Although many think that it is in the top five of those that you spend the most, it consumes very little and can be used to cook and save on the electricity bill at the same time.
This is because microwave technology allows you to directly heat food without having to reheat a surface first, which means much more energy is used. For example, to heat a liter of water from 15º to 90º, only 0.10 kWh is needed.
However, this device multiplies its consumption up to 8 times if the door is open. Its consumption is 3.08 kWh, but with the door open it is 25.79 kWh.
Refrigerators are the only appliances that remain on all day and consume the most in a year, above air conditioners and lighting. According to research by the National Institute of Industrial Technology (INTI), they can represent up to 24% of demand at the residential level.
Most Argentine households use appliances between 8 and 15 years old. On the other hand, new equipment with an efficiency label of A or higher have consumption 10 times lower than 30 years ago and almost a third compared to those of 15 years ago.
All refrigerators and freezers sold in Argentina must have an energy efficiency class “B” or higher in accordance with current regulations.
A unit with a standard freezer consumes about 75 kWh. However, those with LCD display or active icemaker, consume up to twice as much.
The recommendation is to open the door for as little time as possible and, when not in use, make sure that it is properly closed. That it is at least 15 centimeters from heat sources, walls or furniture.
Video game console
Although it has been turned off, while it is plugged into the network it consumes 1 kWh. In standby mode can be raised up to 23.3 kWh. When it is on, the platform that demands the most energy is the PlayStation 4, with about 90 kWh, the PS5 reaches 70 kWh and the Xbox Series X with 50 kWh.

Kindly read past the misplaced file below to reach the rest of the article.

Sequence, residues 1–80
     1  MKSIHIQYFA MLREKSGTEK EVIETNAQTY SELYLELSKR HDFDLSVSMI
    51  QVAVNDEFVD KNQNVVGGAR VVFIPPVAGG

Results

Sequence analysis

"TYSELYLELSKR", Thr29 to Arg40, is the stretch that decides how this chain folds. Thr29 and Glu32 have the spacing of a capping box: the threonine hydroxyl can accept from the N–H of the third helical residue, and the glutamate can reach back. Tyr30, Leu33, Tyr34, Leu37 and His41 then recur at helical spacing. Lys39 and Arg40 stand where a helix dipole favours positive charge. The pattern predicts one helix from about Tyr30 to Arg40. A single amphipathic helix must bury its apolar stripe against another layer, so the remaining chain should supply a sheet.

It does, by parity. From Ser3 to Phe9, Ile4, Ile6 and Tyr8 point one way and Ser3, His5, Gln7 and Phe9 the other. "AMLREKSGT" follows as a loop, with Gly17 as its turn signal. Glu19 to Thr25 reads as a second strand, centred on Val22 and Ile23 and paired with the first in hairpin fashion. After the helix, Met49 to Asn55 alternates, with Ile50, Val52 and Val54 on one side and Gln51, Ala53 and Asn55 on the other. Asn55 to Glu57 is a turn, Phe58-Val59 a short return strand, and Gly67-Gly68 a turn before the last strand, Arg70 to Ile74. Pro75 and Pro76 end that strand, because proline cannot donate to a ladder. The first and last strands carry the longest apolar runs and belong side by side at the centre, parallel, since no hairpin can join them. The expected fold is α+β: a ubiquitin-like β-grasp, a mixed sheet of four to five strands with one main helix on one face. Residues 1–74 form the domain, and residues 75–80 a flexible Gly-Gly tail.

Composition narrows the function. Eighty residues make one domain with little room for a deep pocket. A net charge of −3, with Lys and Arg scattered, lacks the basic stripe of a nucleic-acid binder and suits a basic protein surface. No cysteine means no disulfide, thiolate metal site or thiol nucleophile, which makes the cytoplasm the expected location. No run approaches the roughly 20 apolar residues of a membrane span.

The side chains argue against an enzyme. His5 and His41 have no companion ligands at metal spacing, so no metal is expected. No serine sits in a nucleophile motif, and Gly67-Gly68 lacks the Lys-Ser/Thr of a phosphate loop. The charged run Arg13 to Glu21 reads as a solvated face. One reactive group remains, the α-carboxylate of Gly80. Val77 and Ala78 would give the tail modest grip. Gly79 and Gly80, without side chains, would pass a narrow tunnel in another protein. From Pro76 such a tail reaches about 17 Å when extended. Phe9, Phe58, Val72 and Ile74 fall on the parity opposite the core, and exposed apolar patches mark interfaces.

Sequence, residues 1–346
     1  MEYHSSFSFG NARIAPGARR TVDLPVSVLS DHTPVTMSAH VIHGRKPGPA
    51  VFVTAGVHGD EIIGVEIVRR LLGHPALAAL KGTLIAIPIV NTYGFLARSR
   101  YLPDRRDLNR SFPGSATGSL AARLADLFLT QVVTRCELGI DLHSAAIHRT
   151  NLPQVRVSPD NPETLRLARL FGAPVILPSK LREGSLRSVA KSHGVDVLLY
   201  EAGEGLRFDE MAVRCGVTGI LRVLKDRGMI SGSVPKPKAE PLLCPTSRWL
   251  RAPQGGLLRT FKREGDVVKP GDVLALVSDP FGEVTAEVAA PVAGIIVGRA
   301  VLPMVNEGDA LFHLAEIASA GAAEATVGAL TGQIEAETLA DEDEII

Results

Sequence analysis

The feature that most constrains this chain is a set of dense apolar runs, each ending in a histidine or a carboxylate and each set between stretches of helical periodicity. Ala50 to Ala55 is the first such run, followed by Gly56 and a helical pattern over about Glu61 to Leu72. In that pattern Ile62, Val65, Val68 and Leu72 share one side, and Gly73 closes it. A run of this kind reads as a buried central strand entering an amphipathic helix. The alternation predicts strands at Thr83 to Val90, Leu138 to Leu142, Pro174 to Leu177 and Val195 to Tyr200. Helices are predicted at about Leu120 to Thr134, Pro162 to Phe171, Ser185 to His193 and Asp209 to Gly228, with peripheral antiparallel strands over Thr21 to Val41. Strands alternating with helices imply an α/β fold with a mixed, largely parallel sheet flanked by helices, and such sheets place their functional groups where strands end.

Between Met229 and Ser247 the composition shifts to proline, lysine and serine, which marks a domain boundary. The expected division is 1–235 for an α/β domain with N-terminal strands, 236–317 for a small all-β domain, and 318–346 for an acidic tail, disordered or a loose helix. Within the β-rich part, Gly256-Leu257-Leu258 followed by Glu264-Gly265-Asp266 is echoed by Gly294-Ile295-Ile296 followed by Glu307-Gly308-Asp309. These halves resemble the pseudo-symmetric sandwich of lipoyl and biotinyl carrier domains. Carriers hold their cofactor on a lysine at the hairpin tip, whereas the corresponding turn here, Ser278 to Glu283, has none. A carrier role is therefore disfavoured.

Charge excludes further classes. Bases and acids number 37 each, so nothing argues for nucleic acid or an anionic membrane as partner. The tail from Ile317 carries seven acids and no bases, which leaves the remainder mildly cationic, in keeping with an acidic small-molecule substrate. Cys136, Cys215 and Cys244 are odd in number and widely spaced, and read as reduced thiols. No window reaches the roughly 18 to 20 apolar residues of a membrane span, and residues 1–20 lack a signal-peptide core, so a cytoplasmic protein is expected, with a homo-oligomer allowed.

In addition, watching streaming videos from a console can use up to 20 times more electricity than from an LCD TV, according to a study by FlatpanelsHD.
cell phone charger
The data provided by the INE (National Institute of Statistics) on electricity consumption indicate that chargers plugged into a socket (without a mobile phone connected) spends on average 0.0002 kWh, something tiny It is different if you have the mobile as it is draining energy throughout the night.
As a result of this expense, per year it shows a phantom consumption of 1,168 kWh, assuming that it spends an average of 16 hours without charging the mobile.
To get an idea of how much each appliance consumes and to know if it is within normal parameters, the National Electricity Regulatory Entity (ENRE) developed an electricity consumption calculator in kWh.
The first thing will be to select the type of appliance, the number of the device in the house, the number of hours per day it is used and how many days per week.
A A good way to save is to know the energy labels that appears in those electrical devices that fall within the established energy efficiency standards.
This is a certificate that identifies the level of efficiency in different categories, with ‘A’ being the most efficient and ‘G’ being the least recommended.